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Vilsack: Farmers Urged to Support Sustainable Farming

CHERYL TEVIS Updated: 08/06/2014 @ 9:47am Cheryl has been an editor at Successful Farming since 1979.

Farmers at the Resilient Agriculture Conference Wednesday at Iowa State University in Ames, Iowa, were urged to take steps to increase the sustainability and resilience of their operations as a hedge against the increasing risks of variable and unpredictable weather.

“It’s difficult to talk about climate change because it’s become so political, and that’s a shame,” said Fred Yoder, a corn and soybean farmer from Plain City, Ohio, and former National Corn Growers Association president. “We get hung up on whether it’s man-made or natural. It’s time to stop talking about assigning blame, and find ways to adapt to feed 9 billion people by 2015 in a sustainable way way that will not hurt the environment.”

The three-day Conference is cohosted by the USDA’s Sustainable Corn Project and the 25x’25 Alliance. The Project includes scientists at 10 Midwest land-grant universities and the USDA Agricultural Research Service at Columbus, Ohio. It gathers data from 35 field sites and thousands of farmers in nine Midwestern states including Wisconsin, Illinois, Iowa, Indiana, Michigan, Missouri, Ohio, Minnesota, and South Dakota.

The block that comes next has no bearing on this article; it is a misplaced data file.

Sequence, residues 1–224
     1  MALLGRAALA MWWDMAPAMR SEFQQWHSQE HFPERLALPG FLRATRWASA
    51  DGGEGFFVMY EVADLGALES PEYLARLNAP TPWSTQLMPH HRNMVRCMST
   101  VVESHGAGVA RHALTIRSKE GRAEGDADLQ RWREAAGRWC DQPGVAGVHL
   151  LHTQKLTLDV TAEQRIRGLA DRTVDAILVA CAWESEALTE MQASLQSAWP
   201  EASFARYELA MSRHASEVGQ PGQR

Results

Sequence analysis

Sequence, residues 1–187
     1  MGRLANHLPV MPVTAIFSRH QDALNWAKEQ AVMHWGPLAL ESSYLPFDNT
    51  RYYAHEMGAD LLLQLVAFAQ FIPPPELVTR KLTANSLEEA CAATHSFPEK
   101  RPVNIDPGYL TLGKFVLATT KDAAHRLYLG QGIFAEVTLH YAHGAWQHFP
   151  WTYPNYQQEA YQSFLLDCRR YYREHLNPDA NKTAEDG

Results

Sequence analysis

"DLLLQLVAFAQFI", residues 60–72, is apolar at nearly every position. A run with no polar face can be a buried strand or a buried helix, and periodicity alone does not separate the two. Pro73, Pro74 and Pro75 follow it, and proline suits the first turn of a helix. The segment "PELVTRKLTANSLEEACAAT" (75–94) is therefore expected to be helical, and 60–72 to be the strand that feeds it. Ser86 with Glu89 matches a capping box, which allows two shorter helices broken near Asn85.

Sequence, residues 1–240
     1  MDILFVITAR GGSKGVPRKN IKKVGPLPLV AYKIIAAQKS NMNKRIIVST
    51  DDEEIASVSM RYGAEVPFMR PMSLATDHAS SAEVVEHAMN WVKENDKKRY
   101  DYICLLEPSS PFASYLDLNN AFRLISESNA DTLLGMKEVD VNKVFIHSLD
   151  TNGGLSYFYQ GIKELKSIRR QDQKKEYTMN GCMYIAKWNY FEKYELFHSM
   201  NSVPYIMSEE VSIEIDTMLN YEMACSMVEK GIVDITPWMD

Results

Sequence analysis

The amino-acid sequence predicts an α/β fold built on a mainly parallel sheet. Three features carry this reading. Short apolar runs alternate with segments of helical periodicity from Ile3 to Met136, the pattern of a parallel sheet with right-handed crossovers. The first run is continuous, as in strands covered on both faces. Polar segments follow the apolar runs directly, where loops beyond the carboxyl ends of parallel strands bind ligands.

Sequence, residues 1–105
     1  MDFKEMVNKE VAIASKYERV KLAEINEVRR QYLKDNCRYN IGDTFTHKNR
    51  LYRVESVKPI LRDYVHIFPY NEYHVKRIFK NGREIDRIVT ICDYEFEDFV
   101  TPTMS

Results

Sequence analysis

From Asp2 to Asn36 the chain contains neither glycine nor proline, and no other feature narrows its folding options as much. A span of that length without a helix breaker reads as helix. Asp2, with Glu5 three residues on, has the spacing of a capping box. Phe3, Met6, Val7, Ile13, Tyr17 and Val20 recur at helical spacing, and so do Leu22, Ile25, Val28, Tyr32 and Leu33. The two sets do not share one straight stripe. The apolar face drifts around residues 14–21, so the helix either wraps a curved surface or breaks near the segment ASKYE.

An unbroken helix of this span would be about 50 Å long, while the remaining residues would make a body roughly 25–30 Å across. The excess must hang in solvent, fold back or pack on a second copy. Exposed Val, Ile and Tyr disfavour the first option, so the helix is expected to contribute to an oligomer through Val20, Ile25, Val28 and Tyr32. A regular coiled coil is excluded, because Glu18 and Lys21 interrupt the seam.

“There are increasing signs that cropping systems of corn-corn or corn-soybean rotations don’t have a light environmental footprint,” said Lois Wright Morton, the project’s director and a social scientist at Iowa State University. “Hypoxic conditions in the Gulf of Mexico point to nitrogen, phosphorous, and soil losses from our fields and farms. Soil erosion from single high-precipitation events is taking away valuable soil needed to grow future crops.”

USDA Secretary of Agriculture Tom Vilsack spoke via phone immediately preceding the conference. He prefaced his comments with a reference to the ongoing U.S./Africa Leaders Summit in Washington, D.C. “We’ve been having some of the same conversations here this week about how to increase agricultural production at the same time as we’re managing the risks of a changing climate,” he said. “The future is likely to include rising temperatures that lengthen the growing season and potentially increase production, but also more extreme weather events and added pest and disease risks that could substantially reduce crop production.”

Vilsack also cited recent USA efforts focusing on this issue, including the third National Climate Assessment Report released in May, the new Greenhouse Gas report quantifying uniform scientific methods for measuring increases in gases and carbon storage, as well as U.S. participation in the Global Research Alliance to identify practices leading to sustainability and resiliency.

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